Microsoft Russia: Of course we’ll give Skype source code to government

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Microsoft’s about to buy Skype, everyone read about it. And, inevitably, Microsoft is already getting blamed for every sneeze/cough/outage/weirdness of Skype there is (specifically that little Easy Bits Games Go fiasco that let users to believe they just caught some trojan or a virus and outage that made some thing it’s a sabotage).

But there is at least one little controversy that was really caused by Microsoft itself. has reported that Microsoft Russia is ready to provide Skype’s encryption algorithm to Russia’s Federal Security Service (FSB). In fact, Microsoft Russia’s president Nikolay Pryanishnikov “would love to do it” as company’s policy is “cooperation and partnership with the State”.

A large wave of “KGB will tape our Skype calls” comments followed. Especially as users remembered that FSB already voiced displeasure at inability to wiretap Skype calls and messages in April of this year. Heck, Skype could be outlawed and blocked completely in Russian segment of the internet until there’s a capability of wiretapping built-in. And here Microsoft is talking about giving to the secret service “keys to the kingdom”.

Microsoft tried to calm fears down by issuing a correction — their president meant sharing of the source code, which they already do for their current products, and Skype will fall into that category soon. Plus they need “regulatory approval” and that, of course, is quite difficult if FSB opposes certification of this new acquisition.

However, I am not quite sure why PR people think that sharing “source code” versus “algorithms” are any different (well, it takes a bit of thinking to reconstruct the algorithm from the source code, but not much), and so far attempt to calm the fears has been unsuccessful.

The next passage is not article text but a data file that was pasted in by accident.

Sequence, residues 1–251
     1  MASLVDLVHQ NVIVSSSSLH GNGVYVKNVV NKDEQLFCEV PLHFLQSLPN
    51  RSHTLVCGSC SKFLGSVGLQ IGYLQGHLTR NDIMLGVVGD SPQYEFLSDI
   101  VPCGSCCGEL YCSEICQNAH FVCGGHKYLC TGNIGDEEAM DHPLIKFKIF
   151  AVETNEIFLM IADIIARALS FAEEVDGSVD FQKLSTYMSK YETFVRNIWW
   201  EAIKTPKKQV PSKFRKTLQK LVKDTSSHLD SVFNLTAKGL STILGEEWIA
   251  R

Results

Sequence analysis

Frankly, in many cases knowing algorithm won’t help that much — if security is well thought-out, keys are generated in secure manner, peer-to-peer element of the network is “uncontrollable”, but it certainly would make life much easier to whomever tried to circumvent the Skype call. Even more alarming is a general tone of the conversation, where people can easily conclude that in the spirit of that very same “cooperation and partnership” Microsoft could simply “tweak” the Skype client just a little bit, to make wiretapping easier.

Plus in that correction they simultaneously claim that “protecting private information is paramount and censuring or monitoring of it is not provided” yet “in accordance with laws of every country where the service is available, including Russia, company provides requested private information when supplied with subpoena”. So, all FSB will need is a court order? Not a very high burden.

I know doing business in Russia is hard. But in this case Microsoft made quite a poor choice of words, and it has nobody but itself to blame for scaring Russian users. Will US customers start to worry about a chance of “KGB listening in”? We’ll see.

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